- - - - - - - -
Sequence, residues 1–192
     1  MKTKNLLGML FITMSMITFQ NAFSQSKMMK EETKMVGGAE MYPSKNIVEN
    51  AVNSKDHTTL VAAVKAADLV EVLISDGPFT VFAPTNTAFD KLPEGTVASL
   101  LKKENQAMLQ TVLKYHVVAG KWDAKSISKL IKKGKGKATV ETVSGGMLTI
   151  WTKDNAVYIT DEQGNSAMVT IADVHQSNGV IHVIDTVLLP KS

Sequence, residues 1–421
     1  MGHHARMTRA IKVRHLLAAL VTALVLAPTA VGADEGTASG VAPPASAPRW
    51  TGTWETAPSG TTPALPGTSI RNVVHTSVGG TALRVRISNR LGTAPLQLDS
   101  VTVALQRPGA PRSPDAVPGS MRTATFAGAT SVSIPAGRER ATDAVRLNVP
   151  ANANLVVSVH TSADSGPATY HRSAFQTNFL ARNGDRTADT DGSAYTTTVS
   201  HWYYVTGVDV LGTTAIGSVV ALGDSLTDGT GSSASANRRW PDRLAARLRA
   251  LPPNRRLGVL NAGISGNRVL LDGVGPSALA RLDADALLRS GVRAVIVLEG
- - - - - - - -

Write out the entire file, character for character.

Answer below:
Sequence, residues 1–192
     1  MKTKNLLGML FITMSMITFQ NAFSQSKMMK EETKMVGGAE MYPSKNIVEN
    51  AVNSKDHTTL VAAVKAADLV EVLISDGPFT VFAPTNTAFD KLPEGTVASL
   101  LKKENQAMLQ TVLKYHVVAG KWDAKSISKL IKKGKGKATV ETVSGGMLTI
   151  WTKDNAVYIT DEQGNSAMVT IADVHQSNGV IHVIDTVLLP KS

Sequence, residues 1–421
     1  MGHHARMTRA IKVRHLLAAL VTALVLAPTA VGADEGTASG VAPPASAPRW
    51  TGTWETAPSG TTPALPGTSI RNVVHTSVGG TALRVRISNR LGTAPLQLDS
   101  VTVALQRPGA PRSPDAVPGS MRTATFAGAT SVSIPAGRER ATDAVRLNVP
   151  ANANLVVSVH TSADSGPATY HRSAFQTNFL ARNGDRTADT DGSAYTTTVS
   201  HWYYVTGVDV LGTTAIGSVV ALGDSLTDGT GSSASANRRW PDRLAARLRA
   251  LPPNRRLGVL NAGISGNRVL LDGVGPSALA RLDADALLRS GVRAVIVLEG